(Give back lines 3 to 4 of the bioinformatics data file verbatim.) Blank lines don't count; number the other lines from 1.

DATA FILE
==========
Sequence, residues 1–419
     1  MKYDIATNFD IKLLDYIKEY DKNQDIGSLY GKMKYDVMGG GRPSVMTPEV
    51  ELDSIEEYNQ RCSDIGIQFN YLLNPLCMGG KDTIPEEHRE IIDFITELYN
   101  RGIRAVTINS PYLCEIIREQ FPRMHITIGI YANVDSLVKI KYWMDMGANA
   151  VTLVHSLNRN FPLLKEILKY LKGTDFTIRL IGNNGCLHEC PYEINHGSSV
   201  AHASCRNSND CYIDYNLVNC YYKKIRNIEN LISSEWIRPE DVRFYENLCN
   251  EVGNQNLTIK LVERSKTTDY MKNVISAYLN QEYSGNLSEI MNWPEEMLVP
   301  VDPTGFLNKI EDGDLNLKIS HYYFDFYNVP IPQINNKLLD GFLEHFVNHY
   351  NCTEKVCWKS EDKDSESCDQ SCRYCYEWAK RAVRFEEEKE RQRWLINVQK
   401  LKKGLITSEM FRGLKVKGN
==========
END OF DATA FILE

    51  ELDSIEEYNQ RCSDIGIQFN YLLNPLCMGG KDTIPEEHRE IIDFITELYN
   101  RGIRAVTINS PYLCEIIREQ FPRMHITIGI YANVDSLVKI KYWMDMGANA